A FAMILY today claimed staff at the Edinburgh Royal Infirmary left their grandmother “starving” for nearly a week as an operation was repeatedly cancelled.
Magdalene Quinn was said to have been delirious after going without food.
The 88-year-old had suffered a fractured hip and was taken to A&E, being told to expect an operation within 48 hours of being checked in on December 6 last year.
She was labelled “nil by mouth” in preparation for her operation, but repeated cancellations meant she barely ate for five days.
When Mrs Quinn’s daughter Ann Bishop, 59, and granddaughter Julie Bishop, 32, visited her they said they found her weak and disorientated.
Among the causes of the cancellations was a power blackout at the hospital, for which Consort, the private firm operating the hospital for NHS Lothian, was later fined.
Julie Bishop said she did not pursue the issue at the time but said she felt compelled to speak out following the publication of a damning Health Improvement Scotland report into care of the elderly at the ERI last week.
She said: “When we arrived at A&E we were told by a doctor that her hip was definitely broken and would be operated on within 48 hours and not after. They said they usually do it within 24 but they had lots of admissions that day.
“But then the operation was cancelled and we were told it would be the next day. Each day we went we found out it had been cancelled and that she had not been given anything to eat all day. On the third day my gran was very disoriented, taking about her brother who had been dead 20 years and flying birds in the ward.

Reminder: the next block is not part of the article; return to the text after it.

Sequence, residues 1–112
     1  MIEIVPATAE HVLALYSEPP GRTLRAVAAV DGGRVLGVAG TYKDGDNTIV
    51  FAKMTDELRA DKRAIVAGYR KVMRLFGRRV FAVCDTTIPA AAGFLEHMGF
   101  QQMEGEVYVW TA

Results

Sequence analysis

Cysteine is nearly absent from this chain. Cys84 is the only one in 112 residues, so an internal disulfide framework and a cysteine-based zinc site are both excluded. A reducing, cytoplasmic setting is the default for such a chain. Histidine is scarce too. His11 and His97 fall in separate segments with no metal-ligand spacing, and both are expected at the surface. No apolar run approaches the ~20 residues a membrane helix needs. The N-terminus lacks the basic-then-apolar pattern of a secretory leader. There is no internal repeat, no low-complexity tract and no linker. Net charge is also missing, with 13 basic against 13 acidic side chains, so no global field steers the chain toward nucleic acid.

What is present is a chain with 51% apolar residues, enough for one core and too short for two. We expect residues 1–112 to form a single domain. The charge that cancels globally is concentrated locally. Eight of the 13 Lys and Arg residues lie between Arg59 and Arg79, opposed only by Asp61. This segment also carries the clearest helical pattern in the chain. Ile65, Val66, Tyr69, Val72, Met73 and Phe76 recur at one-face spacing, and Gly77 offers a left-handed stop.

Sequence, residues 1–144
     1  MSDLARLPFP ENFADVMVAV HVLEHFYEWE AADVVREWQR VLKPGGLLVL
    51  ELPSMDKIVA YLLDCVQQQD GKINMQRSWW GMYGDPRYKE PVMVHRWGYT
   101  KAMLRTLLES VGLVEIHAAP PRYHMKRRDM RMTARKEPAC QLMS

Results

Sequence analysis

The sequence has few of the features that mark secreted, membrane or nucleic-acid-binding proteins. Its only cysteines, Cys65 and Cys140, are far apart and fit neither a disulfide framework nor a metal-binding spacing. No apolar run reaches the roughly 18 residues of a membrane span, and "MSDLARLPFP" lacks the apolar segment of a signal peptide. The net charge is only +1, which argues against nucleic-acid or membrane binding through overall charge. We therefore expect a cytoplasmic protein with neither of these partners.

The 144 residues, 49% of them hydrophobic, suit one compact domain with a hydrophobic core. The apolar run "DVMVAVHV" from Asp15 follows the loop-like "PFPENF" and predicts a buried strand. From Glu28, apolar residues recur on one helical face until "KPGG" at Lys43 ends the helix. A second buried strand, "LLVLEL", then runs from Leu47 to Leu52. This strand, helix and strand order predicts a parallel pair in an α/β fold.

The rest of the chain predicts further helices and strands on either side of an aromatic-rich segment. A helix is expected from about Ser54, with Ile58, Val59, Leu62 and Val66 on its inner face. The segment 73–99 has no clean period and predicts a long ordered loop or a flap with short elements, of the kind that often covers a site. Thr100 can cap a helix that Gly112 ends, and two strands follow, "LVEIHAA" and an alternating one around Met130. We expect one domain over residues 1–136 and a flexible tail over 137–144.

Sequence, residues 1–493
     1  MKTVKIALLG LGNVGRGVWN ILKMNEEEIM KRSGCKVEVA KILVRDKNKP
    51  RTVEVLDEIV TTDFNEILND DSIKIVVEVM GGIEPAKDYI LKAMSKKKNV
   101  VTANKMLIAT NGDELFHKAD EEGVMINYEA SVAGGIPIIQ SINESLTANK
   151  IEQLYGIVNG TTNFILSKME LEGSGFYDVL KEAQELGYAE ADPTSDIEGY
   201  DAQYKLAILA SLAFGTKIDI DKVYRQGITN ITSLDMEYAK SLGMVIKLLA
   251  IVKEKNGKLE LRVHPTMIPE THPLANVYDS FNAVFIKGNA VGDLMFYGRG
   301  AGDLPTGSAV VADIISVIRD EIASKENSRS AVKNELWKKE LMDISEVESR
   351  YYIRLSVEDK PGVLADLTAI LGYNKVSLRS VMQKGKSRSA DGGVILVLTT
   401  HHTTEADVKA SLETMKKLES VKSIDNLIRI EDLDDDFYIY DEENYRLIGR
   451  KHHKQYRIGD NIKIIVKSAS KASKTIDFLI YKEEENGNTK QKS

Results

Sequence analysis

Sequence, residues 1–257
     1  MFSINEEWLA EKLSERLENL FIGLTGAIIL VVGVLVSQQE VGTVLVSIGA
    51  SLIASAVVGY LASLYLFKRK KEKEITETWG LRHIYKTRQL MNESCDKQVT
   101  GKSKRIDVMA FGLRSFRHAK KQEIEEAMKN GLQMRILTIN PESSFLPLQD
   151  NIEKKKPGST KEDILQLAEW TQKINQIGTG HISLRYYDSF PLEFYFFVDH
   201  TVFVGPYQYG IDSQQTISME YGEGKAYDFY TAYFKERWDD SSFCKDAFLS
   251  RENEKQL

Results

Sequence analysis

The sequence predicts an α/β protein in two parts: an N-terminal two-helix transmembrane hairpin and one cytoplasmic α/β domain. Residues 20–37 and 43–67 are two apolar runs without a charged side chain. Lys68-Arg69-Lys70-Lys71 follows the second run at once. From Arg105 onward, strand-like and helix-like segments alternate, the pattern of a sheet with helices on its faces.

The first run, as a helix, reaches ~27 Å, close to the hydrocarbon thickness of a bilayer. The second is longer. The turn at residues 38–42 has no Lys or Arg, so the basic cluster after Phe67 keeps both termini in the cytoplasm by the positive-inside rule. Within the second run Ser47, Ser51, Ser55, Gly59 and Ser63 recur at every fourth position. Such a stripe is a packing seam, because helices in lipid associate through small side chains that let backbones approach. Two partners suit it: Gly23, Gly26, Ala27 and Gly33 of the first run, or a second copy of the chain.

“I was very distressed to see her like this.”
Mrs Quinn was eventually allowed home after around six weeks, having been kept in for treatment for an unrelated medical condition.
NHS Lothian apologised to the family but insisted that Mrs Quinn was able to eat something on a number of occasions when it became clear the operation would not go ahead.
Mrs Bishop said her grandmother had been given a sandwich for dinner each day the operation was cancelled, and claimed her medical sheets showed she had lost a stone during the wait, which NHS Lothian disputed.
Dr David Farquharson, medical director, said: “We apologise to Mrs Quinn and her family if they feel the care received was below the standard they should be able to expect from NHS Lothian.
“Mrs Quinn was prepared for surgery on three days which meant she was unable to eat in the run up to the operation. Due to high patient numbers and then a deterioration in Mrs Quinn’s condition, the procedure did not take place as hoped. Instead it went ahead on the fourth day.
“However on each occasion, Mrs Quinn was able to eat later in the day and her family were kept fully informed throughout.”